Garage-Door Openers Are Getting Smarter
Garage-door openers (or “operators” as they also are called) look increasingly like many other internet-connected devices around the house. In addition to making the door go up and down on command, they also allow homeowners to monitor the inside of the garage remotely with a camera, open and close the door for a delivery driver or a neighbor, and lock up even when no one is at home.
The most inexpensive openers have basic safety features, no internet connectivity, and AC motors rated at ½-hp that are suitable for relatively light doors. Mid-priced openers add features such as smartphone controls, motion-activated lighting, and dual-lens lights, says Gregory Martell, senior product manager at Chamberlain, a garage-door-opener manufacturer. Top-end openers can lift heavier doors with motors rated at 1 hp or more, have battery backup, and use a belt-driven or wall-mounted lifting mechanism for less noise.
Installed prices range from about $300 to $900. If you want to do the installation yourself, models are available for under $150. Here are some features to consider:
Belt or chain drive: Chain drives are inexpensive and reliable but noisy. Replacing the chain with a steel-reinforced belt will make the system much quieter, Martell says.
Screw drives: In addition to belt- and chain-driven openers, Genie, another manufacturer, also offers a direct screw-drive mechanism designed for heavy doors.
Overhead or wall mount: Standard openers include a ceiling-mounted motor that powers a chain-driven traveler to open and close the door. A wall-mounted unit is attached directly to the shaft of the opener, which both saves space and makes less noise.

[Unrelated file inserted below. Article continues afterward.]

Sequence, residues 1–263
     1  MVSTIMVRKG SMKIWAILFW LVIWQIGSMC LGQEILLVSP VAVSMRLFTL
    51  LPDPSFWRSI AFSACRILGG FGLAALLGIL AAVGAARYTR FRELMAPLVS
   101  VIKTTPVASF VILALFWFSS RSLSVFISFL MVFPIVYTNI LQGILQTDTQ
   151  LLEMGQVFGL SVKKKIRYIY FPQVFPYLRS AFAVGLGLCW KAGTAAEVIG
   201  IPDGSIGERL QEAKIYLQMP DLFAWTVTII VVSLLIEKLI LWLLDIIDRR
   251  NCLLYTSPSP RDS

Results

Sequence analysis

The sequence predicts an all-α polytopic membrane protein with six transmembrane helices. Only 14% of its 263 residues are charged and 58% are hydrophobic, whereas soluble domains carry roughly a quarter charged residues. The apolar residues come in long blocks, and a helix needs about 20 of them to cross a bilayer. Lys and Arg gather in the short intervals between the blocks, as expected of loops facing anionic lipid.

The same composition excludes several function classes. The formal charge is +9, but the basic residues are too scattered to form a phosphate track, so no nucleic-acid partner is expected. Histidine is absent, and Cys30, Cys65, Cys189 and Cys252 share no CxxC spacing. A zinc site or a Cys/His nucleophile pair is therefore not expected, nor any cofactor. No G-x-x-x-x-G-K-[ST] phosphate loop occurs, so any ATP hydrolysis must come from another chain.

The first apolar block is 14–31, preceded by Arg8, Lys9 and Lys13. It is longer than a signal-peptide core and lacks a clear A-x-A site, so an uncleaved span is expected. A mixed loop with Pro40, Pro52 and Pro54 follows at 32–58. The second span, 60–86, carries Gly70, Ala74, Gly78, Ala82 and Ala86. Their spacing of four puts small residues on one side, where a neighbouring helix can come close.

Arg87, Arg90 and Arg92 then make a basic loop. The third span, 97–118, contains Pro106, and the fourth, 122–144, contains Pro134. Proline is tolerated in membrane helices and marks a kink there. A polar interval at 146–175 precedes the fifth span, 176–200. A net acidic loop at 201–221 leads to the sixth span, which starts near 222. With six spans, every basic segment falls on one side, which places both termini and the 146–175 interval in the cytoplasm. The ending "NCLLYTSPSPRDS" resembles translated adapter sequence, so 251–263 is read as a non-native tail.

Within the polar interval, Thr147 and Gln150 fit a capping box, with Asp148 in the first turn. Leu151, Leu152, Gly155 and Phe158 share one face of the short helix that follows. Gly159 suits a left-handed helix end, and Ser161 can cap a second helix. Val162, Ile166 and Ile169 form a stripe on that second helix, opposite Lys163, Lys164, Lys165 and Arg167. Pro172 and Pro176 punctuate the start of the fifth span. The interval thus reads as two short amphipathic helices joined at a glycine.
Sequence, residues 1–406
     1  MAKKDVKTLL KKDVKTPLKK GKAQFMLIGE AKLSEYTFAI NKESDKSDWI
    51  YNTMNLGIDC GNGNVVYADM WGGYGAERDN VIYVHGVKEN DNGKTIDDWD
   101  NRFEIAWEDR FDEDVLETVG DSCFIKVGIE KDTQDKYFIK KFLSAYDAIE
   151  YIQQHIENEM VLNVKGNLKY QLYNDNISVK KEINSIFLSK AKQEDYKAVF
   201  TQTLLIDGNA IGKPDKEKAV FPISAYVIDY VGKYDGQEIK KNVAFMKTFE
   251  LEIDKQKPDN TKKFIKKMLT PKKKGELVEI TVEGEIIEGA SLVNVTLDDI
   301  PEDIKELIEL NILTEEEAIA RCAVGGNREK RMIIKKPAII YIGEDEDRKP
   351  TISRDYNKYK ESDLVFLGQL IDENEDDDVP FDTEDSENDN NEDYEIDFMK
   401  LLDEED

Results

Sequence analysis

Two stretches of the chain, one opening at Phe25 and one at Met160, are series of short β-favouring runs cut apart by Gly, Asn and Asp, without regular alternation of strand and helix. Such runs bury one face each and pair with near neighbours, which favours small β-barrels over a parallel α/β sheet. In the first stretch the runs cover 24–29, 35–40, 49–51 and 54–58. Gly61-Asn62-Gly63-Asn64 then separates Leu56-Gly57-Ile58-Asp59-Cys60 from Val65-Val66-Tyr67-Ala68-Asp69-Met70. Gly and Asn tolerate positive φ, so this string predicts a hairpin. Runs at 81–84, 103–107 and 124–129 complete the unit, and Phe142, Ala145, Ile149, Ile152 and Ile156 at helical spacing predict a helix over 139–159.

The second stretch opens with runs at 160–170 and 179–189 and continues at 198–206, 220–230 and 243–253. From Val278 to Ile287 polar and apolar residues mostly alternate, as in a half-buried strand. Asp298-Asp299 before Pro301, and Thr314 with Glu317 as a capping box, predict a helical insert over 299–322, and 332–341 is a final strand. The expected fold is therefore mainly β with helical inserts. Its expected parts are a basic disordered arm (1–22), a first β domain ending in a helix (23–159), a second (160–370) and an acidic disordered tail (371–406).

AC or DC motor: According to Martell, some openers have built-in inverters allowing the motor to run on direct current. These typically make less noise than AC models and are often found on openers with greater lifting capacity.
Battery backup: Openers with an integral battery are required in California but are available anywhere in the United States. A battery is mounted inside the unit and remains charged. When the power goes out, the door can be opened and closed a number of times. (Doors also have pull cords that disengage the door from the drive mechanism so it can be opened when there’s no electricity.)
Lighting: If high-intensity lighting is a priority, look for a model with integrated LEDs. Although homeowners can replace incandescent bulbs with off-the-shelf LEDs, Martell says these standard bulbs will interfere with the operation of the remote or reduce the distance at which the remote works. Integrated LEDs don’t have that problem.
Door openers are designed to overcome the “moment of inertia” and get the door moving. Once that happens, the springs should do all or most of the work. Choosing the correct opener means matching the power of the motor with the weight of the door, Martell says, rather than trying to calculate how much horsepower the motor should have. Basic openers are designed to lift doors of up to 330 lb., according to Martell, but more powerful units with wall-mounted drive mechanisms will get an 850-lb. door going in the right direction.
—Photos courtesy of LiftMaster
Published at Fri, 25 Jun 2021 10:00:56 +0000